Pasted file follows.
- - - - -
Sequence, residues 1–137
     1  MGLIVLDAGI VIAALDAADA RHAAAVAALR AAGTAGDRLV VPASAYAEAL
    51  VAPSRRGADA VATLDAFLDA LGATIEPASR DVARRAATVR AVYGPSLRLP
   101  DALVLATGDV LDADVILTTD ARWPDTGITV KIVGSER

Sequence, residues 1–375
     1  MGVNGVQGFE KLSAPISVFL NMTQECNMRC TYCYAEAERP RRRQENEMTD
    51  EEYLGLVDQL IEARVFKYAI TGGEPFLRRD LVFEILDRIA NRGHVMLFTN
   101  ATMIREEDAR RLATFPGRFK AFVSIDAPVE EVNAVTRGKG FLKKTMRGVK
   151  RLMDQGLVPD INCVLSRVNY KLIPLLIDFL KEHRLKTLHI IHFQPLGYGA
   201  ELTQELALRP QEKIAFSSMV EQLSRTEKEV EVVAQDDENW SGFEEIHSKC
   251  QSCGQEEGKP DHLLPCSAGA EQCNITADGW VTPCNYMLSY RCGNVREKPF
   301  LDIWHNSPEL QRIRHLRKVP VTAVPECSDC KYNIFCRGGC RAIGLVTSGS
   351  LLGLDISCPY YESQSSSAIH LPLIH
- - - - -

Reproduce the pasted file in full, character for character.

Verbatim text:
Sequence, residues 1–137
     1  MGLIVLDAGI VIAALDAADA RHAAAVAALR AAGTAGDRLV VPASAYAEAL
    51  VAPSRRGADA VATLDAFLDA LGATIEPASR DVARRAATVR AVYGPSLRLP
   101  DALVLATGDV LDADVILTTD ARWPDTGITV KIVGSER

Sequence, residues 1–375
     1  MGVNGVQGFE KLSAPISVFL NMTQECNMRC TYCYAEAERP RRRQENEMTD
    51  EEYLGLVDQL IEARVFKYAI TGGEPFLRRD LVFEILDRIA NRGHVMLFTN
   101  ATMIREEDAR RLATFPGRFK AFVSIDAPVE EVNAVTRGKG FLKKTMRGVK
   151  RLMDQGLVPD INCVLSRVNY KLIPLLIDFL KEHRLKTLHI IHFQPLGYGA
   201  ELTQELALRP QEKIAFSSMV EQLSRTEKEV EVVAQDDENW SGFEEIHSKC
   251  QSCGQEEGKP DHLLPCSAGA EQCNITADGW VTPCNYMLSY RCGNVREKPF
   301  LDIWHNSPEL QRIRHLRKVP VTAVPECSDC KYNIFCRGGC RAIGLVTSGS
   351  LLGLDISCPY YESQSSSAIH LPLIH